Robert Pearsall Smith
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Robert Pearsall Smith (1827–1898) was a lay leader in the Holiness movement in the United States and the Higher Life movement in Great Britain. His book Holiness Through Faith (1870) is one of the foundational works of the Holiness movement. He was also a businessman in the Philadelphia area, publishing maps and managing a glass factory.
Early life 
Robert Pearsall Smith was the son of John Jay Smith and Rachel Pearsall. Descended was from long line of influential Quakers, in Pennsylvania and New Jersey, he was a descendant of John Smith, who started one of the first insurance companies in Philadelphia and was one of the founders of the Philadelphia Hospital. He was also a descendant of James Logan, secretary of William Penn and the founder of the first lending library in America, the Loganian Library.
During the 1840s, Robert's father was the librarian of the Philadelphia Library Company, which now had oversight of their ancestral library, the Loganian. The library employed the prestigious architect and surveyor James Charles Sidney who also produced maps that Robert published, many of now being valuable historical artifacts.
In 1851, Smith married Hannah Tatum Whitall, a woman who also descended from a line of prominent Quakers in the region. The Smiths settled in Germantown, Pennsylvania. From 1864 to 1868, they lived in Millville, New Jersey where Robert managed Hannah's father's business, the Whitall, Tatum & Company glass factories.
They were much influenced by Methodist revivalists and adopted the doctrine in Wesleyan theology of sanctification. They were also influenced by William E. Boardman, who wrote The Higher Christian Life (1859) who apparently groomed Robert and Hannah Smith to join the Holiness movement as speakers.
Success and Scandal 
In the 1870s, American evangelists such as Dwight L. Moody and Ira D. Sankey drew huge crowds in London. In 1873, Robert and Hannah also crossed the Atlantic to speak at various places in England, including Oxford, teaching on the subjects of the "higher life" and "holiness". The following year, after preaching in front of royalty and taking breakfast with Gladstone they travelled to Germany and Switzerland, where they preached in several major cities.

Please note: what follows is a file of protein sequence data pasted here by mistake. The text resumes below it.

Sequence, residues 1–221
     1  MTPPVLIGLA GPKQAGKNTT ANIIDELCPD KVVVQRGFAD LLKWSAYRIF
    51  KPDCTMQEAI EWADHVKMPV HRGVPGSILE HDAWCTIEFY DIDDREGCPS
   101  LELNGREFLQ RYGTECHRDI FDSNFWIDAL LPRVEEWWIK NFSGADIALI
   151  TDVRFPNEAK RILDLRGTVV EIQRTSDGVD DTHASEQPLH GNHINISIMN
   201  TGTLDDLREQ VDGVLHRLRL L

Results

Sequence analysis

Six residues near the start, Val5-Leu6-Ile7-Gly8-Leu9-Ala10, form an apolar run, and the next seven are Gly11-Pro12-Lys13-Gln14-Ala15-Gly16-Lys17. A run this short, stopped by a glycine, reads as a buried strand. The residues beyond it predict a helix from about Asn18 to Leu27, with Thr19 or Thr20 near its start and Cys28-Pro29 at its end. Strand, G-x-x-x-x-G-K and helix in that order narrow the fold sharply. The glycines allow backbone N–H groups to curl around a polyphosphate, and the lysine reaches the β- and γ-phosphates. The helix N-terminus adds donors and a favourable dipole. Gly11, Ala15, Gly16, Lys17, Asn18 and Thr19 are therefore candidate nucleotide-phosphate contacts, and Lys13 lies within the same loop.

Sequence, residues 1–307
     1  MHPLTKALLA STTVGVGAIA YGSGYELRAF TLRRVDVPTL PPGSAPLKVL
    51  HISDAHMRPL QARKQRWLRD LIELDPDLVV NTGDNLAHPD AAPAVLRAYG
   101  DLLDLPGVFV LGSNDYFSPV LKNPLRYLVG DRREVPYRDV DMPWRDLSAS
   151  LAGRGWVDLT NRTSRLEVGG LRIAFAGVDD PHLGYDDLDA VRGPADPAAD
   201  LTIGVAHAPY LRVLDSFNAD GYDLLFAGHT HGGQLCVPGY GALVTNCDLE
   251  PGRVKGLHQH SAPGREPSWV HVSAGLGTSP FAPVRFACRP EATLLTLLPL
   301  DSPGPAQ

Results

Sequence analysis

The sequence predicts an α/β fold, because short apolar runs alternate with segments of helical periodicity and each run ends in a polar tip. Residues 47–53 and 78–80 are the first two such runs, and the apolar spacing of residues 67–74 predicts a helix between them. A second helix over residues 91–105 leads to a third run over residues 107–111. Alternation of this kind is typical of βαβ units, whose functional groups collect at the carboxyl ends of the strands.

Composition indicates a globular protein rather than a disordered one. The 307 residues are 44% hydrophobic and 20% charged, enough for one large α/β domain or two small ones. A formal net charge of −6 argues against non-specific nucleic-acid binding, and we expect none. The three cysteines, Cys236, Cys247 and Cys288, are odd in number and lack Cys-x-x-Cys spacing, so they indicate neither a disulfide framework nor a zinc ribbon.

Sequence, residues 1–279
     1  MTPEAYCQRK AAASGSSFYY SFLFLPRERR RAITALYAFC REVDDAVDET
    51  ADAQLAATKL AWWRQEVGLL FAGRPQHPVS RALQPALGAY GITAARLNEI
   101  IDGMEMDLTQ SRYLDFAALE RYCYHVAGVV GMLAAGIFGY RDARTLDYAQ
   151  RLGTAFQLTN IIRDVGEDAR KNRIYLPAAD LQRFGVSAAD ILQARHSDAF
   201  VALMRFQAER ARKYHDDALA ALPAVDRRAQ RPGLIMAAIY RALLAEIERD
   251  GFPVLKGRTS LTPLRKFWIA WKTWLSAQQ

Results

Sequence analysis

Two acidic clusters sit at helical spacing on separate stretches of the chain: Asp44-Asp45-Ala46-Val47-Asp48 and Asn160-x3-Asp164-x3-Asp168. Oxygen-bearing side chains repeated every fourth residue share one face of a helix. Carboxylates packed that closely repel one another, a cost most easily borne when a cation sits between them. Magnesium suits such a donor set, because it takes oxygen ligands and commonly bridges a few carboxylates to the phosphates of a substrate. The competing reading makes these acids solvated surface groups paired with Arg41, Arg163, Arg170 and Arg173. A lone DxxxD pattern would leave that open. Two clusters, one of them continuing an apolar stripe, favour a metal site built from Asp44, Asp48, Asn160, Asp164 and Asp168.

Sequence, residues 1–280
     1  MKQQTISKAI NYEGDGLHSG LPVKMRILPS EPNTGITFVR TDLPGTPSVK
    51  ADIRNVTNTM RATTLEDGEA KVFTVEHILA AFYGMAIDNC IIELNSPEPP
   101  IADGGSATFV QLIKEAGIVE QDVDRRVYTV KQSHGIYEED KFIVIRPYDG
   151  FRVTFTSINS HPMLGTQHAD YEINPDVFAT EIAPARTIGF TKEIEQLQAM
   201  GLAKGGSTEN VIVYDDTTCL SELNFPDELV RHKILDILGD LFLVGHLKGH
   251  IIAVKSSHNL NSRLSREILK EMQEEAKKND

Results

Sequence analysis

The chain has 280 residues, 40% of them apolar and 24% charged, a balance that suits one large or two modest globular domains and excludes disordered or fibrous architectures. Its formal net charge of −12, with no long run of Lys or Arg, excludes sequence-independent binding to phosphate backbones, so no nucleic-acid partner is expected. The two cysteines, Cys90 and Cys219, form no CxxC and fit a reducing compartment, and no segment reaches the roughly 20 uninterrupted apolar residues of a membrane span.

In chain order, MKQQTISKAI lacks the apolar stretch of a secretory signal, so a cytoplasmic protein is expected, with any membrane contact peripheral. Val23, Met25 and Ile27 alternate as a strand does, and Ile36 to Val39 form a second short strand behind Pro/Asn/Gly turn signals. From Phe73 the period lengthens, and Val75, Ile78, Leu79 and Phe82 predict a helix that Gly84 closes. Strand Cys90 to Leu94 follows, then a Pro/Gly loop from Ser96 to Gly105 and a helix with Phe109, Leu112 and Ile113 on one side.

In 1875, they returned to England and conducted meetings in Brighton where scandal arose over a private spiritual initiation which took place between Smith and a female American writer who alleged contact of a sexual nature. Although admitting that he "had put his arm around her", he insisted that his actions would not "have been more pure to my own daughter". However, at the evangelical tribunal that followed, Smith pledged "to abstain at once from public work". Although the details of the allegations were never released, one member stating he feared the effect on public morality, Smith never recovered and having "lost his faith, withdrew from public gaze and spent most of the rest of his life as an invalid".
In 1888, the Smith family moved to England when their daughter Mary married an Irish barrister, Frank Costelloe; she later married Bernard Berenson. Their daughter Alys Pearsall Smith met and married the philosopher Bertrand Russell. Their son, Logan Pearsall Smith, became an essayist and critic.
- BBC History Magazine, January 2011 p. 17; Notes on a scandal; Quotes from "Evangelism and Scandal in Victorian England" by MJD Roberts of Macquarie University.
- Critique of Smith's movement
- Another critique of the movement
- One of Smith's homes
- Article mentioning Smith as a mapmaker